Farm subsidy reform – covered by WTO talks on “agricultural domestic support” – remains top of the agenda for most of the trade body’s members ahead of the Organization’s Twelfth Ministerial Conference.
Chair Abraham-Peralta reported back on her consultations with delegations in the seven ongoing negotiating areas: domestic support to agriculture; market access; export competition; trade in cotton; food export restrictions; public food stockholding; and the question of a new “special safeguard mechanism”.
In the short term, the chair will appoint facilitators on specific negotiating topics to help her with her work.
Negotiating meetings open to the full membership are now planned for 10 November and 7 December.
Negotiations on agriculture at the World Trade Organization (WTO) have restarted under the guidance of a new chair, Costa Rica’s Ambassador Gloria Abraham-Peralta, amid growing fears that the COVID-19 crisis and economic slowdown will hamper progress on the food security aspects of the 2030 Agenda for Sustainable Development.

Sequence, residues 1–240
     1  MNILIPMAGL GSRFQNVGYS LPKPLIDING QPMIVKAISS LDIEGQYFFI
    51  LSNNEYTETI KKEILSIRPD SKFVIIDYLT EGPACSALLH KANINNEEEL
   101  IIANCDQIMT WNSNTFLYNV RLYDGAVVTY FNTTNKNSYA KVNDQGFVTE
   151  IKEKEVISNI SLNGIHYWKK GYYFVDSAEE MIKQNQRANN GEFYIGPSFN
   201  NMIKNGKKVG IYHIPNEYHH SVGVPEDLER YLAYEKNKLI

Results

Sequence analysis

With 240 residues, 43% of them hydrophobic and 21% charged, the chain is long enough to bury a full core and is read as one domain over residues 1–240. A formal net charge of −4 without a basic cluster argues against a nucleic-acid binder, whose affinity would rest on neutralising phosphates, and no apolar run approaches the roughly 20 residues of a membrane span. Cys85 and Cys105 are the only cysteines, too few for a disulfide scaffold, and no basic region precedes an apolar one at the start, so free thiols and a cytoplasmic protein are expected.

In 2015, world leaders committed to “correct and prevent trade restrictions and distortions in world agricultural markets” as part of SDG 2, the Sustainable Development Goal covering hunger, nutrition, food security, and sustainable agriculture. However, conflict, climate change, and persistent poverty and inequality have stymied progress since then, with rising numbers of hungry people among other troubling trends.
Since the COVID-19 outbreak, new farm subsidy packages and food export restrictions have sparked concern among other WTO members, who fear their own producers and consumers may be harmed. Many trade officials regret that countries applying these measures have not shared information about them transparently, Abraham-Peralta said in remarks to a negotiating session she convened on 25 September.
The chair told delegates that farm subsidy reform – covered by WTO talks on “agricultural domestic support” – remains top of the agenda for most of the trade body’s members ahead of the Organization’s Twelfth Ministerial Conference (MC12). After the pandemic prompted Kazakhstan to postpone plans to hold the high-level event this summer, it is now tentatively slated for June 2021 instead.